For a couple of guys best known for dark, intensely brooding rock, Greg Dulli and Mark Lanegan certainly do a lot of joking around.
In fact, their new band The Gutter Twins began as a joke.
“We had worked together before - played on each other’s records, played in each other’s bands,” explains Lanegan, staring down at his hands. “It was an offhand comment to an Italian journalist that sort of took on a life of its own, so we were forced into doing it.”
Dulli adds quickly, “Once he invented it, I invented histories for it and I lied like a (expletive) until we were finally like, `We should really put up or shut up now.’”
They decided to put up. And after more than three years of writing songs off-and-on and a string of recording sessions around the country over several months, The Gutter Twins and their debut album “Saturnalia” (Sub Pop) were born.
The album, out this month, is a mix of the sonic styles Lanegan and Dulli helped pioneer - with their bands, Screaming Trees and Afghan Whigs, respectively - and the Americana styles and life-and-death imagery that Lanegan, in his solo work, and Dulli, in Twilight Singers, have examined in recent years.
The band itself takes it all to another level entirely.
At the Gutter Twins’ concert debut, fittingly on Valentine’s Day at a sold-out Bowery Ballroom, the crowd seemed mesmerized by the band, even though - as Dulli joked with them, “Are you ready for more songs you don’t know?” - “Saturnalia” had not even been leaked on the Internet.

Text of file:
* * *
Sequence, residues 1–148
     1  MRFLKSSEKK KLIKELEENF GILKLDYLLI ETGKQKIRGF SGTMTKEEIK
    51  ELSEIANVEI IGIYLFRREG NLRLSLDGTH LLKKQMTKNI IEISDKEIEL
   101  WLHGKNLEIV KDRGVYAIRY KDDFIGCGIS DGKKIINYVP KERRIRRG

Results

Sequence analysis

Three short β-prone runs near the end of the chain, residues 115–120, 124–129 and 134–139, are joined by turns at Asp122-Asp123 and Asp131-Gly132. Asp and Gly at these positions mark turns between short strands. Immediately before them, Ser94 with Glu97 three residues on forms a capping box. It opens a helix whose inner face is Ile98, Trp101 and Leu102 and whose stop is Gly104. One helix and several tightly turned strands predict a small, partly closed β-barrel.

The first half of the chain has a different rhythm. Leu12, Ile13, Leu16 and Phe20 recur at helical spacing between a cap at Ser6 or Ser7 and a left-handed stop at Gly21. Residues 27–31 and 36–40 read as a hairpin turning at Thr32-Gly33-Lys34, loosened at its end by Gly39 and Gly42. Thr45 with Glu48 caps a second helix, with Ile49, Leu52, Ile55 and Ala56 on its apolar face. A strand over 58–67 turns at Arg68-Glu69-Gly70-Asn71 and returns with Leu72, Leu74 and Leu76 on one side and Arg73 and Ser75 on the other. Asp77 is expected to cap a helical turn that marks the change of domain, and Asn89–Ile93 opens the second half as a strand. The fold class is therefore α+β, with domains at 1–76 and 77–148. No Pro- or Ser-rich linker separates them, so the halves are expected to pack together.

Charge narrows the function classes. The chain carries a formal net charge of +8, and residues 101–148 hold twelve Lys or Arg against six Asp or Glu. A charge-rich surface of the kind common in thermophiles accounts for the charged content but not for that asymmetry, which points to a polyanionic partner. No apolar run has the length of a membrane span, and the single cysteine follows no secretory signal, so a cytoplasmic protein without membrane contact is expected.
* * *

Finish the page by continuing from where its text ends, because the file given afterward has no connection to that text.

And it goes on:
The excitement spiked noticeably when the band played its hard-driving first single “Idle Hands” and the cover of Massive Attack’s “Live With Me” that Dulli and Lanegan had done with Twilight Singers. But those reactions paled to the ovation after the band unveiled “Front Street,” a sprawling epic that builds from an acoustic guitar and haunting harmonies to an all-out stadium-rock showstopper.
For the Gutter Twins, whom Dulli has also dubbed “the satanic Everly Brothers,” it turns out two frontmen are much better than one. That’s a different setup for Lanegan, who, in recent years, would walk onstage to do a few songs with his collaborators - the Queens of the Stone Age or Dulli’s Twilight Singers, for example - and then walk off.
“I got spoiled by it,” Lanegan says, adding that the Queens’ Josh Homme had to talk him into it.
Pointing at Dulli, Lanegan says, “Now he makes me stay onstage.”
“Yeah, you gotta stay for the whole time, dude, it’s better that way,” Dulli says. “That was one of the more unique concert experiences I’ve ever had last night and I had no idea it was going to be that way, even after rehearsals. He’s one of my favorite singers and he’s also one of my best friends. It’s a refreshing situation and we’re just getting started to see what it can be. You really are truly blessed if you’re doing what you want to do with people you want to do it with.”
Both Dulli and Lanegan say they hope “Saturnalia” is the first of many Gutter Twins’ projects they can fit in between working on their own music separately. They also hope to prove that a band really can have two frontmen without imploding. “Sam and Dave did it,” Lanegan says.
“Captain and Tennille,” adds Dulli, “well, he wasn’t really a frontman. Bad example. Porter and Dolly did it. George and Tammy. Sure, it’s possible ... We’ve been surprisingly ego-free in our collaboration.”
// Sound Affects
"The man whose songs were recorded by Johnny Cash, Alan Jackson, Ricky Skaggs, David Allan Coe, The Highwaymen, and countless others succumbs to time’s cruel cue that the only token of permanence we have to offer are the effects of shared moments and memories.READ the article